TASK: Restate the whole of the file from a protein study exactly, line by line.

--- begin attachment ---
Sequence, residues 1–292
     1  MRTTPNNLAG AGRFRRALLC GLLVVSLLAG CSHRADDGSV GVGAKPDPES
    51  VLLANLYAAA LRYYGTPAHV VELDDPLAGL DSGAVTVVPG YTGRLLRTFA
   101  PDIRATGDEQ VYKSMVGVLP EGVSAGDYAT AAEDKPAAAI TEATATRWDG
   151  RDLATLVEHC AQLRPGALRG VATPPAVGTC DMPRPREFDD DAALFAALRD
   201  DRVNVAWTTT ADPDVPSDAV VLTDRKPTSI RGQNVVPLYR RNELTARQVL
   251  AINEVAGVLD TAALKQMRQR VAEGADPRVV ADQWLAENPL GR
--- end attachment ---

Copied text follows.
Sequence, residues 1–292
     1  MRTTPNNLAG AGRFRRALLC GLLVVSLLAG CSHRADDGSV GVGAKPDPES
    51  VLLANLYAAA LRYYGTPAHV VELDDPLAGL DSGAVTVVPG YTGRLLRTFA
   101  PDIRATGDEQ VYKSMVGVLP EGVSAGDYAT AAEDKPAAAI TEATATRWDG
   151  RDLATLVEHC AQLRPGALRG VATPPAVGTC DMPRPREFDD DAALFAALRD
   201  DRVNVAWTTT ADPDVPSDAV VLTDRKPTSI RGQNVVPLYR RNELTARQVL
   251  AINEVAGVLD TAALKQMRQR VAEGADPRVV ADQWLAENPL GR